For Christmas I bought my mom the book The Sacred Path Companion. After she finished reading it she lent it to me and I finished reading it yesterday. This is a book of ideas about walking the labyrinth "to heal and transform." It was interesting overall and I want to try the exercise she suggests about working with perfectionism (and maybe the one about "critical voices" too). For perfectionism, she suggests an "amplification" technique in which first you walk the labyrinth tempting yourself to stray outside of the path, but not actually doing so--experimenting with balance, etc. so you almost leave the path. Then, she suggests walking it again though this time walking all over it randomly without following the path. This is a dramatic concept for me to consider since I would never consider stepping out of the path. Even though the boundary is just a line of stones, it feels discreet to me--like it cannot be stepped over/breached. It would almost seem like a violation of the spirit of the place to me. But...the idea is an intriguing one. She makes the point several times that there is no one right way to walk a labyrinth.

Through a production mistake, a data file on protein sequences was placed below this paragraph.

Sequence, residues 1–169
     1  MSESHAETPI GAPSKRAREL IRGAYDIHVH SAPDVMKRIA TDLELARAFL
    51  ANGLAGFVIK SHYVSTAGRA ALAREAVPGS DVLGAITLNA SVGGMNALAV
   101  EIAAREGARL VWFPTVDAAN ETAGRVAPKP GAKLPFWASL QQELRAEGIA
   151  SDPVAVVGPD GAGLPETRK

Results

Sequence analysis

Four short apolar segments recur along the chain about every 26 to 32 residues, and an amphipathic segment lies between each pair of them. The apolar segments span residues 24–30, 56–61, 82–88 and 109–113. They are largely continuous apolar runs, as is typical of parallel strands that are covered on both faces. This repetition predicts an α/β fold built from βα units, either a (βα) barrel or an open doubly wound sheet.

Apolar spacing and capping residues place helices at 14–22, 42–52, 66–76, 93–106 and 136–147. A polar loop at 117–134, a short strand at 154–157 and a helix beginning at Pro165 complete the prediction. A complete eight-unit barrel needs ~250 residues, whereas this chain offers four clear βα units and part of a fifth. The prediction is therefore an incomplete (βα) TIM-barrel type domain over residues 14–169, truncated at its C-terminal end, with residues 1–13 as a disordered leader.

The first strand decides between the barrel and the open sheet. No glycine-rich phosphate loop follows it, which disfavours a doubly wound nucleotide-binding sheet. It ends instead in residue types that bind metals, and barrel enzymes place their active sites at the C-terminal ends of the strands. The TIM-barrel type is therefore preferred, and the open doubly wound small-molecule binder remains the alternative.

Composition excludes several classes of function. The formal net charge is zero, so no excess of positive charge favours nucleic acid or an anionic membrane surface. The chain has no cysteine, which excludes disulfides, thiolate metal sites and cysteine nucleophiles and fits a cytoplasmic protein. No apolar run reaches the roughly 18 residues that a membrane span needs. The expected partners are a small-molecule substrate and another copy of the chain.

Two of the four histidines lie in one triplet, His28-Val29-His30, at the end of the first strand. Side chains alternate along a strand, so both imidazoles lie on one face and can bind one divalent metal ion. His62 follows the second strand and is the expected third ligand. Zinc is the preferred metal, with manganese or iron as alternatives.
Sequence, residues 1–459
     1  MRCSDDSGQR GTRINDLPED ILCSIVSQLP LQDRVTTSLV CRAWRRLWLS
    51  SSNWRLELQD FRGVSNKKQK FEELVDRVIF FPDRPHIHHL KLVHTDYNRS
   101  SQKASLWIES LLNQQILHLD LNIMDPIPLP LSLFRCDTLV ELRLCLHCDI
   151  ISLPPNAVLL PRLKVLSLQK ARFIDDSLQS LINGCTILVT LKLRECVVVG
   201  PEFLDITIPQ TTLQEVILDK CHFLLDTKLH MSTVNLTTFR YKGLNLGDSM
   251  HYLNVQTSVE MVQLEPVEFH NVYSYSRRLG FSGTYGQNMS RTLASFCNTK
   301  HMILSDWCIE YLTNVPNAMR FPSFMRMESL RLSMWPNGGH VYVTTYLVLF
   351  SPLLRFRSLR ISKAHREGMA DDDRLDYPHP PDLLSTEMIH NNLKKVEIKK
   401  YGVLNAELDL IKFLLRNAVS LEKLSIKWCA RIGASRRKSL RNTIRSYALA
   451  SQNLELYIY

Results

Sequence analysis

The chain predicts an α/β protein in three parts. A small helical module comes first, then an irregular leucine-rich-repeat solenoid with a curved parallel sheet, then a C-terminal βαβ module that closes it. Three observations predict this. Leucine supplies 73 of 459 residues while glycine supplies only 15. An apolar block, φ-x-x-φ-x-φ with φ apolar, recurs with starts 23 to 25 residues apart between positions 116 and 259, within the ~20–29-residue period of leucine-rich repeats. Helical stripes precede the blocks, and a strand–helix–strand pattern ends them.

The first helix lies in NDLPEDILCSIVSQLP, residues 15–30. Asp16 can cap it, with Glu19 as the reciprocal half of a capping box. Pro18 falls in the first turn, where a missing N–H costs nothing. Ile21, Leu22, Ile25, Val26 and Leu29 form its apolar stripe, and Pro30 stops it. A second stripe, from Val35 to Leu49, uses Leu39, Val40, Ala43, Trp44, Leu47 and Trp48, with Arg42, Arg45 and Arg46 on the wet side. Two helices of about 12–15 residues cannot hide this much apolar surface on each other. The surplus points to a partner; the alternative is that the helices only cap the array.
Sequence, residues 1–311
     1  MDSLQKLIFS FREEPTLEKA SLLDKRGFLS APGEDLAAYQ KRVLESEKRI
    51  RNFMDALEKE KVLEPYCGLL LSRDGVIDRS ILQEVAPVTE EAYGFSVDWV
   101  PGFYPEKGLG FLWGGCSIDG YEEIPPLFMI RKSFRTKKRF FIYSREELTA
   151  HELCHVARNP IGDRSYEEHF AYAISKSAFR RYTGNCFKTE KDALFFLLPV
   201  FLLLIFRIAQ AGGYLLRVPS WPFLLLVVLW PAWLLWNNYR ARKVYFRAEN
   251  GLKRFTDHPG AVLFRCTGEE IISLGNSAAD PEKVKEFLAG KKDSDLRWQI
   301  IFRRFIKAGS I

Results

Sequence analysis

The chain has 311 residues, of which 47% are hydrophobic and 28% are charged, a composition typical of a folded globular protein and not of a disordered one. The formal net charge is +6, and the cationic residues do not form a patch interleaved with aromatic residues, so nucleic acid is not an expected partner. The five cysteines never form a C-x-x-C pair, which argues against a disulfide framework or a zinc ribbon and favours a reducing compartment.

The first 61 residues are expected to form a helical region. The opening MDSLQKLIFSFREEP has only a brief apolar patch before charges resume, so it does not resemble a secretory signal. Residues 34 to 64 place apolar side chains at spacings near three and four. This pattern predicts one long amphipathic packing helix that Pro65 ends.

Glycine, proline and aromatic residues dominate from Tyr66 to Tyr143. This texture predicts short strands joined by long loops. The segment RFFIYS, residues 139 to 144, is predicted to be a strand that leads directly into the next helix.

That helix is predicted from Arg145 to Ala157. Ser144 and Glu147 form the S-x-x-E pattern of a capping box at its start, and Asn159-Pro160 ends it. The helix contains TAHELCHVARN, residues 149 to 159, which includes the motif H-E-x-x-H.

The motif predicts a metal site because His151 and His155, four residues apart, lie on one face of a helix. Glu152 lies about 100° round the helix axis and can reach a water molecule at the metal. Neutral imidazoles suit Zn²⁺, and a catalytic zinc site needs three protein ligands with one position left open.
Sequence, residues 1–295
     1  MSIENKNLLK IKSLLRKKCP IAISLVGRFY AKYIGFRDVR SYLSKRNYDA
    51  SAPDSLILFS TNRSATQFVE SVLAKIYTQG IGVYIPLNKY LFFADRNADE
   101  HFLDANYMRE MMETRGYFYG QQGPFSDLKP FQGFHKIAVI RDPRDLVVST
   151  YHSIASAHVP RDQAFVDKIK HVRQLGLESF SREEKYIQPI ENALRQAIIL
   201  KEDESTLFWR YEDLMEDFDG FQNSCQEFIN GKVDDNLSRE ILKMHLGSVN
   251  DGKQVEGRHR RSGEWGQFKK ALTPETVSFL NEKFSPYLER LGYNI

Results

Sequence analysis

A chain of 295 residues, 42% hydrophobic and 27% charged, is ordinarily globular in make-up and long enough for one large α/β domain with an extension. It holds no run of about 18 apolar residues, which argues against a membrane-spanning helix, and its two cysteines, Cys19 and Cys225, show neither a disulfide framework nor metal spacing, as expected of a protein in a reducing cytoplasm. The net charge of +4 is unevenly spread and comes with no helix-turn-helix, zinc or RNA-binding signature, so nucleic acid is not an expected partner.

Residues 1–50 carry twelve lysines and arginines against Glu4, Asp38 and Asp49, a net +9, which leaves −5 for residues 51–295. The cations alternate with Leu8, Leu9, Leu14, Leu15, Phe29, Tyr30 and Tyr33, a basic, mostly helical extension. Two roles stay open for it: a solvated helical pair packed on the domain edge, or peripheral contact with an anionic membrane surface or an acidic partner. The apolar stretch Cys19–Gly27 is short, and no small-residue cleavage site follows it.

This book is primarily focused on the Medieval Eleven Circuit Labyrinth--the type that is found on the floor of Chartres Cathedral in France (built around 1200) and on the floor of Grace Cathedral (an Episcopal church in San Francisco). My mom's labyrinth is an older, simpler design labyrinth called a Cretan (or Classical) Seven Circuit Labyrinth.
Hide your ironing board
2 hours ago